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The leather scene as a muslim person of colour

The leather BDSM scene encompasses power play, dressing up, role-playing, non monogamy and all these other sexualities outside the norm. Before the leather world I was interested in these kind of things but never found an avenue to actually explore it.

I think people look at the LGBTQ community within so many different perspectives and we have so many options that I feel what ends up happening we get sucked into this heteronormative idea of coupling up. I feel like the leather world has given me so many different examples of how you can be fulfilled sexually, emotionally and mentally as opposed to this dominant narrative of being assimilationist.

Anybody could enter a leather contest, there’s nothing preventing a person from becoming a leather person or becoming a title holder, but, I think in many ways me being a title holder is somewhat unique because so many Asians get into this mode of - ‘I’m afraid of exploring my sexuality because of Islam, because of other cultural concerns’. I want to be an example for people who don’t feel like they can express themselves. With my religious identity and sexual identity, sometimes they mix, for example, the leather world is inherently spiritual and ritualistic, just as parts of Islam are., but then obviously you have situations where my Muslim identity comes into conflict.

I was part of an organisation called ONYX Southwest, a local branch of a national organisation created to give an entryway for people of colour into the leather community. We also fundraised, specifically focusing on people of colour and HIV non-profits. Being a person of colour and speaking about it on the pageant scene, the feedback is mixed. Generally of course it’s received positively but then there’s other people that are like – ‘well, why do you even care about the people of colour issue- you’re just supposed to be having fun and having sex so why are you bothering us with this? How does what you do benefit the overall leather community?’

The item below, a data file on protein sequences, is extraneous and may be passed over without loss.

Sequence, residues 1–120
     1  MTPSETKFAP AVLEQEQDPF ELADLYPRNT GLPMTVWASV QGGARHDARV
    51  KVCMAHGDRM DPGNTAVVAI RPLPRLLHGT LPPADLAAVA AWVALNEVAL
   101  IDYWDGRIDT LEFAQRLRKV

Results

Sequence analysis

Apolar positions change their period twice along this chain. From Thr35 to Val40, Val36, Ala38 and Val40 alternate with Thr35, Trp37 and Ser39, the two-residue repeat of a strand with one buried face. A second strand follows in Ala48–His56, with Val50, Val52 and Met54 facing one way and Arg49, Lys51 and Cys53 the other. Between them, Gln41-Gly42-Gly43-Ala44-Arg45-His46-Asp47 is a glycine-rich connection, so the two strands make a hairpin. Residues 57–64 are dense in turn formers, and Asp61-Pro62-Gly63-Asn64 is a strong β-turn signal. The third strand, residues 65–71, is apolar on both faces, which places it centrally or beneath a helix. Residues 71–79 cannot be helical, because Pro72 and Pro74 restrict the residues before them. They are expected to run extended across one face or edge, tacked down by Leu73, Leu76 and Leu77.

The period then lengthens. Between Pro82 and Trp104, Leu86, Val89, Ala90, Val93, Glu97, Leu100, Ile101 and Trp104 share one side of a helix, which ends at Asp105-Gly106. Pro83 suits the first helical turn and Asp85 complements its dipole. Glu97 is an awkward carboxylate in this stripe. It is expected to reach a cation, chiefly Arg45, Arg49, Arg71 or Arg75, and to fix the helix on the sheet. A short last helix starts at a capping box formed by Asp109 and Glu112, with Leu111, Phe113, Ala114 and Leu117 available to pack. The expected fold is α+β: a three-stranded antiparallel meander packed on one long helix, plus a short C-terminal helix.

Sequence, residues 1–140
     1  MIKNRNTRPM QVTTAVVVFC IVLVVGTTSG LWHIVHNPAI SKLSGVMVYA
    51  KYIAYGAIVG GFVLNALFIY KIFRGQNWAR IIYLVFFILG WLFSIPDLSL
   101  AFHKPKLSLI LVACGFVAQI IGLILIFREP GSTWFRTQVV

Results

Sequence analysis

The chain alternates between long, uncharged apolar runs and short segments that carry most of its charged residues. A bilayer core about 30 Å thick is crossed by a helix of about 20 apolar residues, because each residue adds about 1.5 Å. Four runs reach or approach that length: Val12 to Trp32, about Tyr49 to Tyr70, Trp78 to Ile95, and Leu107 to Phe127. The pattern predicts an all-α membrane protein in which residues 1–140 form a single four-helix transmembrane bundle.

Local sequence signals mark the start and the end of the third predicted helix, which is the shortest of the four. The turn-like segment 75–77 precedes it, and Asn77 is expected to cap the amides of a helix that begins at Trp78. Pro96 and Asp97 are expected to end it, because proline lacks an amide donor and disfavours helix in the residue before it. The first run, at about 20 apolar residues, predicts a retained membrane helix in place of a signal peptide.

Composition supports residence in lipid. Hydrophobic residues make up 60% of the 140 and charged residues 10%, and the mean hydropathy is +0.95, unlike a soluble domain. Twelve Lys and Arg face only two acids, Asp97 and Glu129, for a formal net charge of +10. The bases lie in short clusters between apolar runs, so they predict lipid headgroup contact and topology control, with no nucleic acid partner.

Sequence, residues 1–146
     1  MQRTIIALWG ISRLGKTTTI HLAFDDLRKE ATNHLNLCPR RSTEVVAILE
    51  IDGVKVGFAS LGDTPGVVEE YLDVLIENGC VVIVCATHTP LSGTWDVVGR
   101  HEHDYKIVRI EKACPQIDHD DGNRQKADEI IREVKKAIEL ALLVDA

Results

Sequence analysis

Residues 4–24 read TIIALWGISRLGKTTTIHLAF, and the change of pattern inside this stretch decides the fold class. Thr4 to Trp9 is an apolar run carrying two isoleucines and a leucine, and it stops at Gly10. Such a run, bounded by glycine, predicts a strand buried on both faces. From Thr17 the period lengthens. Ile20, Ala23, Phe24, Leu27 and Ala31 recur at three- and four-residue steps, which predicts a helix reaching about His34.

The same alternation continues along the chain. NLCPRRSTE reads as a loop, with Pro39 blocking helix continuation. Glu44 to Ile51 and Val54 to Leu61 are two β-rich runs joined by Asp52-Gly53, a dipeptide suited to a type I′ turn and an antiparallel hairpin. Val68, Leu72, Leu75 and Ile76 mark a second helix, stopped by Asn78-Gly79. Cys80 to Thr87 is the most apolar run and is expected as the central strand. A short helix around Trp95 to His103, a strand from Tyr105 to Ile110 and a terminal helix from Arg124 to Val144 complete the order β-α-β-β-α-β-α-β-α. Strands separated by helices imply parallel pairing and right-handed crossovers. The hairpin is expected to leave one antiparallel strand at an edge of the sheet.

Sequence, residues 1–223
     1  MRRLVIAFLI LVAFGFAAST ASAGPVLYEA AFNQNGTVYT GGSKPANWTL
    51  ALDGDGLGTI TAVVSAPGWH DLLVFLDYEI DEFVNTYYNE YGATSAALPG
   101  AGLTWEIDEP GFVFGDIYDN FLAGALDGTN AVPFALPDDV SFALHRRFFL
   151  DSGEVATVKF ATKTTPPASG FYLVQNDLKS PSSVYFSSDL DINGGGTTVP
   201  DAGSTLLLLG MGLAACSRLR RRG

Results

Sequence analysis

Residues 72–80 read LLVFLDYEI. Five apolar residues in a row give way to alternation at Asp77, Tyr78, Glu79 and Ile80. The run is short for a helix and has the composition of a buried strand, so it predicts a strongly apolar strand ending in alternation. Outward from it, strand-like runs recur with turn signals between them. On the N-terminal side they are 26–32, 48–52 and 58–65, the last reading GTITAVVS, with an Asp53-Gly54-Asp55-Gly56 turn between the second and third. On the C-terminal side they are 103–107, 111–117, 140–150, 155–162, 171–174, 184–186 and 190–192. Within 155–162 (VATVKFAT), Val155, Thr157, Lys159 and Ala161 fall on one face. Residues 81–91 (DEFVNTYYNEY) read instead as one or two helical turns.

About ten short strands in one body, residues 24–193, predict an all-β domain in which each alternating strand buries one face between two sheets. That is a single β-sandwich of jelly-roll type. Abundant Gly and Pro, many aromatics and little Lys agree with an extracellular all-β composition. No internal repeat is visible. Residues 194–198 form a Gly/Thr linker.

The pageants are like the leather hyper masculine version of RuPaul’s Drag Race. We have our Phi Phi O’Hara’s and our Raja’s and our Heathers. After the initial meet and greet is the interview portion where most of the score comes from. The judges ask you different questions ranging from ‘what is the hankie code’ to ‘how do you see drag queens in the leather community’. They score it all and then the actual contest begins. The first round could be the jockstrap round with questions, the second round is usually bar wear with another question and then at the end you give a speech in your formal leather.

In European competitions they tend to leave equality issues on the back burner, whereas in America these questions are usually more prevalent. In Europe, mostly it’s white men who dominate the scene. Sometimes that makes it hard. For example, Asian people still suffer prejudice. A bear friend of mine told me he tried to enter a competition and was told, ‘you’re not a bear, you’re a paki’.

The scene needs to first admit that we have these diversity problems. It’s one of those situations where unless you admit there’s a problem nothing can be done about it. Then it’s a question of being okay to speak about these issues on social media, being able to talk about them during contests and making it an actual platform.

My goal is to start getting the message of empowerment and equality outside of the leather world and into more diverse venues. Coming from the Muslim background, even though there are forms of Islam that are fairly progressive, it’s how can we get people to feel comfortable in their own skin, to be able to say - ‘I have these feelings and I want to try it’ - regardless of their background? How do we get these messages out into the population so we can start undoing some of the crazy far right stuff that’s happening?

This article appears in the 348 Issue of GCN

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This article appears in the 348 Issue of GCN